We first met Rabbi Zalman Schachter-Shalomi in Boulder, Colorado in 2008. We sat with him in warm and cozy surroundings, a home filled with books and handmade things, a place unfettered by excess. We had come to convince the Rabbi to participate in a think tank of America’s spiritual teachers that would meet at the Aspen Institute. “What is your agenda and what outcome do you hope for?” he asked with serious and kind eyes. “Well…, we have no agenda and we have no idea what will be the outcome.” I imagined by his expression that he was thinking we were very naive. “Ah, I see. You will leave space for divine spirit to enter the room,” he replied. “Then I will come!”

Reb Zalman had lived a spiritual life with a gusto and love for people and their beliefs that is uncommon in even the most open of religious leaders. He believed that the many streams of worship were each a unique flavor belonging to a “region” of the world, to the soil and the people that inhabit a specific place. For Reb Zalman, spiritual life was anything but boring. He could recite Sufi poetry without a halt or a stutter, and was even initiated into a Sufi lineage. He chanted with Hindus in Sanskrit. He knew history and politics, ways of indigenous peoples and sweat lodges, the beliefs of the Buddhists, Christians, and the Muslims. From the way he lived, it was clear that he cared, with all the patience of a loving grandfather.

He longed for the day when we would tell our religious stories a little differently, not in a triumphalist way, but each finding a cosmology and way to understand reality that our “Mother the Earth” would want us to have, a story that would see to the needs of the Earth as more important than the growth of our business. He compared each tradition to a vital organ of one body. If we want to contribute to the healing of the planet, each tradition had to make sure they were healthy in order to heal the Earth.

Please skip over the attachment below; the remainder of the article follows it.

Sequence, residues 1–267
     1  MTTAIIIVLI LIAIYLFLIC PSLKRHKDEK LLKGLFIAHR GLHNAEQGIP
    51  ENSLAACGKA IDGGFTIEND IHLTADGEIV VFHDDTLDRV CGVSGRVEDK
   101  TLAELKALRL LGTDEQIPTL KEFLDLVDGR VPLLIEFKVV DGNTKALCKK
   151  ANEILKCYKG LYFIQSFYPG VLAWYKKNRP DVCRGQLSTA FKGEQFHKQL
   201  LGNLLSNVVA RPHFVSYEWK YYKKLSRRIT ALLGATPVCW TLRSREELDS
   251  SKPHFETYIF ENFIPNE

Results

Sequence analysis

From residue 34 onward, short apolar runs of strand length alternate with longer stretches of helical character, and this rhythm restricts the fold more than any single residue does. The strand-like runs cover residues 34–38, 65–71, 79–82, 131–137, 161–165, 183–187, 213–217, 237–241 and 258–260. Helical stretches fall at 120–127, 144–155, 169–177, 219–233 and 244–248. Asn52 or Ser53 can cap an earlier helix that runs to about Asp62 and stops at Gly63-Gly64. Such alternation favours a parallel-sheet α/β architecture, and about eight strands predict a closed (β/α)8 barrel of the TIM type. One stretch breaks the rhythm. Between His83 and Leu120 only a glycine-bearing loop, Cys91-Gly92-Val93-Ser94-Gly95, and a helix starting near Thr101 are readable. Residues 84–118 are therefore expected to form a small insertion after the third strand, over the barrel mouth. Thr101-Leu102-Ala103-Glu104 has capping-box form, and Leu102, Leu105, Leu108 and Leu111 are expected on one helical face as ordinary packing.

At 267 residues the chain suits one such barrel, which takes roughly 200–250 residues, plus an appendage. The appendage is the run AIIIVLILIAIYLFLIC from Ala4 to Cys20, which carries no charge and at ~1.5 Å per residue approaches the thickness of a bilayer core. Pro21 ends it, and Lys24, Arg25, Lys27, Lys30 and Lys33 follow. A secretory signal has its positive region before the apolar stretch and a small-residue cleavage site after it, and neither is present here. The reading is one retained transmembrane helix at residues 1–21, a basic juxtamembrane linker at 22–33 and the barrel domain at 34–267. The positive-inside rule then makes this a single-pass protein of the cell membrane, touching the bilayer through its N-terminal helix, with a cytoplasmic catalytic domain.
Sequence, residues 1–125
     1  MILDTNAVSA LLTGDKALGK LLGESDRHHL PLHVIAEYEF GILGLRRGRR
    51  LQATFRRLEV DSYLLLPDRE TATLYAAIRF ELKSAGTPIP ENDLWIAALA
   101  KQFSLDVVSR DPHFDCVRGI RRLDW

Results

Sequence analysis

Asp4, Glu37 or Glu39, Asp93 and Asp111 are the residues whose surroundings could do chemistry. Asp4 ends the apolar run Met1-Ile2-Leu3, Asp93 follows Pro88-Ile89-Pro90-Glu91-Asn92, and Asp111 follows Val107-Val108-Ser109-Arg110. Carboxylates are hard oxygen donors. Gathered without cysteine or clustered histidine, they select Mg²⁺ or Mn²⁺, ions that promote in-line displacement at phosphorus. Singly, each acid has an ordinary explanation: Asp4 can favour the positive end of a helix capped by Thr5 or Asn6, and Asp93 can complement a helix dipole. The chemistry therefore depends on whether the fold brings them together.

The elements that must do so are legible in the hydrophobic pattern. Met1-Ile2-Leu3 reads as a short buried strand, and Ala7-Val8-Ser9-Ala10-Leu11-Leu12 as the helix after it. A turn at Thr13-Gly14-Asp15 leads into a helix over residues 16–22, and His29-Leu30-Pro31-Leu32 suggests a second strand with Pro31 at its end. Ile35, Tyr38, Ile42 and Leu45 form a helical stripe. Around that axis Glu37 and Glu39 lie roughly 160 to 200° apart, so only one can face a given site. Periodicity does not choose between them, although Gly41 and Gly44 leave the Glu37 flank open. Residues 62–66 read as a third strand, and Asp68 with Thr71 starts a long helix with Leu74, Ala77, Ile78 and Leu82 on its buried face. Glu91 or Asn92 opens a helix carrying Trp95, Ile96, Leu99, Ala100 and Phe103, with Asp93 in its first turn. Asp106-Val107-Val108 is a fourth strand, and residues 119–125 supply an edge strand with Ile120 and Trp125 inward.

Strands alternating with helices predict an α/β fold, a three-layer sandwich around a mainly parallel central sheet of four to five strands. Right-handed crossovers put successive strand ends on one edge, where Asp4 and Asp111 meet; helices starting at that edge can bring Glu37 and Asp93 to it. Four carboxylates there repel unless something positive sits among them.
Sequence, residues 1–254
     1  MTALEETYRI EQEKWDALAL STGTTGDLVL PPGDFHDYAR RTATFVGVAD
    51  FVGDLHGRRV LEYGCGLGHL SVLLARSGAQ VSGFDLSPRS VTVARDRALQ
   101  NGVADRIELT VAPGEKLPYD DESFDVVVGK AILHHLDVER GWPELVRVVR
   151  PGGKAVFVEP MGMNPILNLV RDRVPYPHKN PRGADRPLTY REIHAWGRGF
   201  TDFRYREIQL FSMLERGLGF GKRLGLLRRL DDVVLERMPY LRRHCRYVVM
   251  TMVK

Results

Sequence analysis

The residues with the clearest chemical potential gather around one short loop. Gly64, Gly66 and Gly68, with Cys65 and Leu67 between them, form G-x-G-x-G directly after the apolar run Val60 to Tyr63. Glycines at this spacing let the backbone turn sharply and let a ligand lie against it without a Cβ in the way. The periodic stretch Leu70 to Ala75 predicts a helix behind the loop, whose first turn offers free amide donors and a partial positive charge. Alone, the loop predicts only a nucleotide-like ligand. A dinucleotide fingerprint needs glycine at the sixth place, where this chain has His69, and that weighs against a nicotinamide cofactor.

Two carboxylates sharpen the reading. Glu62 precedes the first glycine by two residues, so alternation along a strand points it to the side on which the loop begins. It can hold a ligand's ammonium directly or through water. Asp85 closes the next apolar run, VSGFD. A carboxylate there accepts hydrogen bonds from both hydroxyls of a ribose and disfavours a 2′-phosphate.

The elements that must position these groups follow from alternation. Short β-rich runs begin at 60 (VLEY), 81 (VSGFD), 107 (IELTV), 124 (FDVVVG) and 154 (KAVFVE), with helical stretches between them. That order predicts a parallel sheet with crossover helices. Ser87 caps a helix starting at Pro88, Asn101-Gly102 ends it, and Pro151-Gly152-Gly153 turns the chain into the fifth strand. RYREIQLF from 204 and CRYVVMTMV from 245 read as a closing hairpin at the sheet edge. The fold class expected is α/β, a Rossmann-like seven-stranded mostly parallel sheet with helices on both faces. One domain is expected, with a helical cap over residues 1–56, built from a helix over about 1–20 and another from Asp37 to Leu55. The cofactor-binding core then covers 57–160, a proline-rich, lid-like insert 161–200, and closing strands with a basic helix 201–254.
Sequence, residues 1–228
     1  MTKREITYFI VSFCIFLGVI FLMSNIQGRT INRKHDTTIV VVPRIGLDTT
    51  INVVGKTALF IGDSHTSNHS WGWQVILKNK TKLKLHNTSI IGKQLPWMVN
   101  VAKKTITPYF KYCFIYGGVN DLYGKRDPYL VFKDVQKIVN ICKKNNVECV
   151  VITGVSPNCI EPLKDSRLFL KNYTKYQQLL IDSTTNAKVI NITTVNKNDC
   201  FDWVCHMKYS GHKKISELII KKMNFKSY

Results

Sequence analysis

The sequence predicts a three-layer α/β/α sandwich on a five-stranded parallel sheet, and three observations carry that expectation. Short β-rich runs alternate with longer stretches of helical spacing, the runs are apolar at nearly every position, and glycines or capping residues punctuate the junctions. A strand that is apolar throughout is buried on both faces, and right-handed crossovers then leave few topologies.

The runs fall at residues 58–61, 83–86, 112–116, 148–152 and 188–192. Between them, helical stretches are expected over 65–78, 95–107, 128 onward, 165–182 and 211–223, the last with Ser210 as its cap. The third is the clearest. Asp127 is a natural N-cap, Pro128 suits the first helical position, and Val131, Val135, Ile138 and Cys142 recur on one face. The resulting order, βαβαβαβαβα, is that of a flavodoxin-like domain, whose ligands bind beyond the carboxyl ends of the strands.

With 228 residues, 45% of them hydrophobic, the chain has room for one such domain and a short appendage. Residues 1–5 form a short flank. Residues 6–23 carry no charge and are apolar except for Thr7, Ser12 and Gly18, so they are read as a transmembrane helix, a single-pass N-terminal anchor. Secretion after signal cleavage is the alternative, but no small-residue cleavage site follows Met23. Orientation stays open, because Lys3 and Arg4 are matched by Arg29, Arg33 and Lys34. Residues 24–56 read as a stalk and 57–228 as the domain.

When he was young and waiting for his “papa” to come eat at the table, he tells, he would observe the tiny droplets of schmaltz that floated on top of his chicken soup. With his spoon, he would pull them together into one big circle of glistening fat. “The only way we are going to get it together, is together,” was his expression.

Last year, at a gathering at Naropa University, he spoke to a room of spiritual teachers: a colorful variety of characters that could only be found in America. We did not know that we had come to listen to parting words of this wisdom-keeper, who was now almost 90. Serious meditators, we listened with ears wide open, hoping for secrets of “truth,” or at least, a few reassuring words from this honored elder. “Our mother the Earth is calling to us. The spiritual tank upon which she was nourished is empty, it’s running on fumes,” he said. This tank was once fed by our songs and chants, the rituals and prayers that marked our day, that we have forgotten as we speed through life. These particular words stirred the room. He had difficulty breathing, but whatever the air was that sustained him, it was pure. It was the oxygen of another atmosphere, a unified ground of being where there is so much love.

This post was originally published by Creator at We Work June 2015